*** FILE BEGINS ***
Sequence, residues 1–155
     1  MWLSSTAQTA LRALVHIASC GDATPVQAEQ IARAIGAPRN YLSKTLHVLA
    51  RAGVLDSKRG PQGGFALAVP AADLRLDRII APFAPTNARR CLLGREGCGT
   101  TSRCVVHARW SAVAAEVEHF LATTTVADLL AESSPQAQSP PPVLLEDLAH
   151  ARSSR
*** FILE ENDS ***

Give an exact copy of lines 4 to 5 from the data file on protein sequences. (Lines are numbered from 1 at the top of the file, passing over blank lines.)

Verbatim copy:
   101  TSRCVVHARW SAVAAEVEHF LATTTVADLL AESSPQAQSP PPVLLEDLAH
   151  ARSSR